12 to 2pm – Art Lecture – Dr. Gregory Levine, Associate Professor, Art History Department, University of California at Berkeley
In this lecture, Dr.Gregory Levine wants to take up the multiple, potentially vexing ambitions and dilemmas of picturing in the Japanese Nihonga painter Kawabata Ryūshi’s (1886-1966) monumental work, The Capture of Luoyang (Rakuyō Kōryaku), 1944; National Museum of Modern Art, Tokyo).
Levine’s thoughts depend upon the circumstances, scenographies, and expressive intensities of Japanese war propaganda painting of the 1930s-1940s, but he will turn from the shock-and-awe of many such paintings toward this particular painting’s elision of explicit violence, its possible elegiac tone, and the significance of its representation of the Fengxian Temple icon of Vairocana at the Chinese Buddhist grottoes at Longmen.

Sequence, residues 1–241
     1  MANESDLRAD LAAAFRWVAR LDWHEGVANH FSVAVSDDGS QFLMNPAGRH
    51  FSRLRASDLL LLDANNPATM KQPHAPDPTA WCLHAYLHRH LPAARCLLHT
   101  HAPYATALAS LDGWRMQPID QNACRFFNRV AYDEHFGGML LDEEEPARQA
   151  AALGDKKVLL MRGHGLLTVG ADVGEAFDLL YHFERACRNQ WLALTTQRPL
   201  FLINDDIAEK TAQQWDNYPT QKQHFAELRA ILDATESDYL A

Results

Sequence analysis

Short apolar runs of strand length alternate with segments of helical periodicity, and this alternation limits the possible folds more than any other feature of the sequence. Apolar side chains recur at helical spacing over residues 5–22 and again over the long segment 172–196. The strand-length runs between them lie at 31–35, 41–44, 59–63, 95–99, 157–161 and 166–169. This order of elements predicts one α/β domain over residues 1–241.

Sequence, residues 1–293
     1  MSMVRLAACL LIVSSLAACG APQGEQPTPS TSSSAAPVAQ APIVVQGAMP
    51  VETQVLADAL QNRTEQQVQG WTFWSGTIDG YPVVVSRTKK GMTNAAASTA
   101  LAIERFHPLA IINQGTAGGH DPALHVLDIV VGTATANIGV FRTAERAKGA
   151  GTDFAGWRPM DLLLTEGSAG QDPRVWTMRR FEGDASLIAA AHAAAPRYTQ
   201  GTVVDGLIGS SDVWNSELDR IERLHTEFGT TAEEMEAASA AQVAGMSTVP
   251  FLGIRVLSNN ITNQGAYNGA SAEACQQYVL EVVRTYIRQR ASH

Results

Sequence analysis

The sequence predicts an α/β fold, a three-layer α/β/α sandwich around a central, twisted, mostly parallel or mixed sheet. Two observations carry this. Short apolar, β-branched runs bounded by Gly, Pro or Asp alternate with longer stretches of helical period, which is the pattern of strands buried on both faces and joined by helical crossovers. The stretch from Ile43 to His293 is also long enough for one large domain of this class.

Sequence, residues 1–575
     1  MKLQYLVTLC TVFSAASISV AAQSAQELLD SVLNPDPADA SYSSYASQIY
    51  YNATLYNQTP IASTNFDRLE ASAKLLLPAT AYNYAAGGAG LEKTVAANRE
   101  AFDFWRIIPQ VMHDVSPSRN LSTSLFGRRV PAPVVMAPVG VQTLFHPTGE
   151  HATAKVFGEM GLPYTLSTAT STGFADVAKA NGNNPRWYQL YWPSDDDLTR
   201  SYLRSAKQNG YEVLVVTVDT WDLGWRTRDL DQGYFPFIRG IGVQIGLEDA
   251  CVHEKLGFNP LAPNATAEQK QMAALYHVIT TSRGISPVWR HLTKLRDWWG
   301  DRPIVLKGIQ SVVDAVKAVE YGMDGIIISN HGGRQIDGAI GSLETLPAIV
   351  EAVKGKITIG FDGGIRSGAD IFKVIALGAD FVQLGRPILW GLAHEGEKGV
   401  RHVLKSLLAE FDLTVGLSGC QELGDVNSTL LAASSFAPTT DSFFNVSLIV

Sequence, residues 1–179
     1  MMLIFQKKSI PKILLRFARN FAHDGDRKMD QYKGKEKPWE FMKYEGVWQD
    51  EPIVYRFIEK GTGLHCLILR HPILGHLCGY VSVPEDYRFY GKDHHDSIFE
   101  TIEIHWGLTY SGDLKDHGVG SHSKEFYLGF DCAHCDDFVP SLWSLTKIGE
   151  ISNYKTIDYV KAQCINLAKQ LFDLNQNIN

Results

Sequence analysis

The question of empire has to be dealt with here, but rather than fixing Kawabata’s intentions, complicity, or the politics of his particular formulation of Nihonga, Levine shall touch upon the narratives and representations of Japanese colonial scholarship of Chinese Buddhist sites, beginning in the late 19th century, and the deployment of such sites in painting and photography as a trope of Japanese empire and pan-Asianist ideology. The exhibition of Kawabata’s painting in 1945, meanwhile, may turn us to confront the viewing of art in aftermath, and picturing’s resistance to simple historical narrative.
Asato Ikeda, Visiting Professor, University of Victoria, PhD, Art History, UBC (2012): Respondent
Sponsors: Art History and Asian Studies